All the training programs and philosophies I've come across thus far suggest that prey drive is genetically innate and you really can't do a darn thing to increase it. That said, it can exist in a dog in the form of either potential or activated prey drive. And that was the question we had with Lincoln. Was his initial confused ambivalence just a result of not yet having everything click so he could understand what his own instincts were actually moving him to do or did he just not have the capacity prey drive to be activated at all? While imperfect, the analogy that I have found that has been most helpful to me in understanding how I should think about a dog's prey drive as a more complicated phenomenon was that of a fuel tank to a truck. Prey drive could be seen more like capacity, or the size of the tank a dog might have for instinctual interest in chasing prey. Some dogs incongruously have a one-gallon tank for an otherwise enormous truck. Others are almost all tank and with the fuel of experience they shiver and quake with explosive excitement for anything that hints that they might be about to hunt, from blaze orange to their hunt collars to a shotgun coming out of its cabinet. Experience and training could fill the tank with gas and start the engine burning the fuel of drive for whatever capacity they had, but if a dog has a one-gallon tank, it's going to be a lot less effective hunter and a lot less interested than one with a 30 gallon tank, no matter what amount of training and experience fuel one tries to pour into him or her.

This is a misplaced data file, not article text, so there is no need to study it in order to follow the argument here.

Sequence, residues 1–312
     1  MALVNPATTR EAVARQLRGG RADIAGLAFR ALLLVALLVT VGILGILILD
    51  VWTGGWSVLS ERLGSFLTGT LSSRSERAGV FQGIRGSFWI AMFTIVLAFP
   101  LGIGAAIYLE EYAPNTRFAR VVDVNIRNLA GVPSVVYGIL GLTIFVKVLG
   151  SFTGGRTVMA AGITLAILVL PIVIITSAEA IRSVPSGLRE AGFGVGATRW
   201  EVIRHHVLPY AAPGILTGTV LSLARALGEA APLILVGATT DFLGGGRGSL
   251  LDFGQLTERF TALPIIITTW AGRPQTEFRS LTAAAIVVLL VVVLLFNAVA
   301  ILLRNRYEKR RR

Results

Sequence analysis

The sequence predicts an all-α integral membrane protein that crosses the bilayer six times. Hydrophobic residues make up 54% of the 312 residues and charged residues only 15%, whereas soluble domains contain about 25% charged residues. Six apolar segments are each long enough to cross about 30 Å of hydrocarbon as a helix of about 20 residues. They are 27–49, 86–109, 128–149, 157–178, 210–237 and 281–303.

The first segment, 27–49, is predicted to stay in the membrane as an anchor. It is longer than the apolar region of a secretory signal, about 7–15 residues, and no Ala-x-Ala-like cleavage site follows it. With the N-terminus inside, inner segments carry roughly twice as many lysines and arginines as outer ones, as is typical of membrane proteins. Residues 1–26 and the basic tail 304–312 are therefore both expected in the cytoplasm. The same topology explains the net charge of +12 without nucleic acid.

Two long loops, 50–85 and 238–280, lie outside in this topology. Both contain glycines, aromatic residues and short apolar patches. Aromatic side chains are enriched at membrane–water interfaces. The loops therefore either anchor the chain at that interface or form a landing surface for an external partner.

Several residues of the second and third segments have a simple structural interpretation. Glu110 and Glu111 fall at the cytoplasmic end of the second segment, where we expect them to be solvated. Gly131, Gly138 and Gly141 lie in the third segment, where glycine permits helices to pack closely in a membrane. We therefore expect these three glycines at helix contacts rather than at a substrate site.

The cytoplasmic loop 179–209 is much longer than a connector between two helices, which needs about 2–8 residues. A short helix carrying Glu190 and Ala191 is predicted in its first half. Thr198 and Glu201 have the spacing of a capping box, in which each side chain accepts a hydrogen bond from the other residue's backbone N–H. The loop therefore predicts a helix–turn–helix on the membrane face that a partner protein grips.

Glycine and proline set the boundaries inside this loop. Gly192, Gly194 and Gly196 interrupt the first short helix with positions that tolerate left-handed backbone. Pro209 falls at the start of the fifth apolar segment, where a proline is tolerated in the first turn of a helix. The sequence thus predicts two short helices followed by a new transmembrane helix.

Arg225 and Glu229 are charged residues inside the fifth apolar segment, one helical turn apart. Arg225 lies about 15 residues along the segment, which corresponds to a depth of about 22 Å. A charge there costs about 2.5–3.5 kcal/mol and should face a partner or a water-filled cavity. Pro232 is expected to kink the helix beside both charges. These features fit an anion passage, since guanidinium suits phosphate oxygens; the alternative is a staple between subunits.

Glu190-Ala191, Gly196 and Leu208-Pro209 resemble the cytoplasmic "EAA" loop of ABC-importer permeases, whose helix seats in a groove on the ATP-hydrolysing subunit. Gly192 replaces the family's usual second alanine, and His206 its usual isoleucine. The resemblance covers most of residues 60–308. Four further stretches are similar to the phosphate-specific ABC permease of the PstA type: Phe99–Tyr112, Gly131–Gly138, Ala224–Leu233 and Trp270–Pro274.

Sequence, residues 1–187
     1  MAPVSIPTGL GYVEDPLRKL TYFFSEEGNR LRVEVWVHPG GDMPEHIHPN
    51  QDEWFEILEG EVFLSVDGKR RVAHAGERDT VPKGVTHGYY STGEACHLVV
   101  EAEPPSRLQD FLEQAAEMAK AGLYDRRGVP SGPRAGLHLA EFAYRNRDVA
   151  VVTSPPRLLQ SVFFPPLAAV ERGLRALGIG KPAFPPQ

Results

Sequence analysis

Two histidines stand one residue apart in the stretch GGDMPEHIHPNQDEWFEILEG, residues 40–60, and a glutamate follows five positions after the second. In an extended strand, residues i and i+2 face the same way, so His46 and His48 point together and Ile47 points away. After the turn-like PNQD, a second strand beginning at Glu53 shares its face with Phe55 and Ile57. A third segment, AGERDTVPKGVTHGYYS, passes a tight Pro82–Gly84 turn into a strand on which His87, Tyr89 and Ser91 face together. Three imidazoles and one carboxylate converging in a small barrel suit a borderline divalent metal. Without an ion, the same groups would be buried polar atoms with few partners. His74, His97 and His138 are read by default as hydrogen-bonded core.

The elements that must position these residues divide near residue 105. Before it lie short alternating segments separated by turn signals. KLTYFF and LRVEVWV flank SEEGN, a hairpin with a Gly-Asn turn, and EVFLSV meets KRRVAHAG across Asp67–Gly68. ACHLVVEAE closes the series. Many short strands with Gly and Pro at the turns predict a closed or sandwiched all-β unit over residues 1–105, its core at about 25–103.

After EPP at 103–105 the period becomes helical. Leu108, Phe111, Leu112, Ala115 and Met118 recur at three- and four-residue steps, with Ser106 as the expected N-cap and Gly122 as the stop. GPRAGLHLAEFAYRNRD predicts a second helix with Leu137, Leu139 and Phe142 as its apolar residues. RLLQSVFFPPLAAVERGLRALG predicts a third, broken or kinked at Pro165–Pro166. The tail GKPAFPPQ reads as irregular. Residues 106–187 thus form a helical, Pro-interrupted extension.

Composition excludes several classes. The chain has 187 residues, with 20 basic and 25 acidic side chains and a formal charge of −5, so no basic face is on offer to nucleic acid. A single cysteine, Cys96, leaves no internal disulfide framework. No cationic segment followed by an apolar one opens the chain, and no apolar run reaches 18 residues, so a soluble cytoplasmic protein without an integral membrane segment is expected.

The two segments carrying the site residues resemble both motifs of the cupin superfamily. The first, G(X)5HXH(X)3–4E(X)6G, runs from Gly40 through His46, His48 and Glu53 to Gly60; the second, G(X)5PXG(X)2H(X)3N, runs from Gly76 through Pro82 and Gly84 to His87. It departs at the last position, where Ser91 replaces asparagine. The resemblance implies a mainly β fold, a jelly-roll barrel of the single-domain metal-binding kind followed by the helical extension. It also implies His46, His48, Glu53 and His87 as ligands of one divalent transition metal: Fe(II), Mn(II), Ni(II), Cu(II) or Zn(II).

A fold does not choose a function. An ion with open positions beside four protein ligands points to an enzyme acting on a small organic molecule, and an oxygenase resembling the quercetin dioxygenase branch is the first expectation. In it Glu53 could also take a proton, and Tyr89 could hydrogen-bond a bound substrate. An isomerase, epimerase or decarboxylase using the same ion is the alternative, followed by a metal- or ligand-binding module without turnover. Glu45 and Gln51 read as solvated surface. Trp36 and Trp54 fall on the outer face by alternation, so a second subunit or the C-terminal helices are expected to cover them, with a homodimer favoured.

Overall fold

To make a long story just a little bit longer, here's the end result of our very first attempt of the first technique we tried. It was a process done in silence on the part of the human hunters, just leaving predator and prey together to work out the natural dynamics. It lasted about 7 minutes and Lincoln went from interested, to intimidated, to very interested, to completely dominant and keeping jealous guard over a bird that he now understood as "his."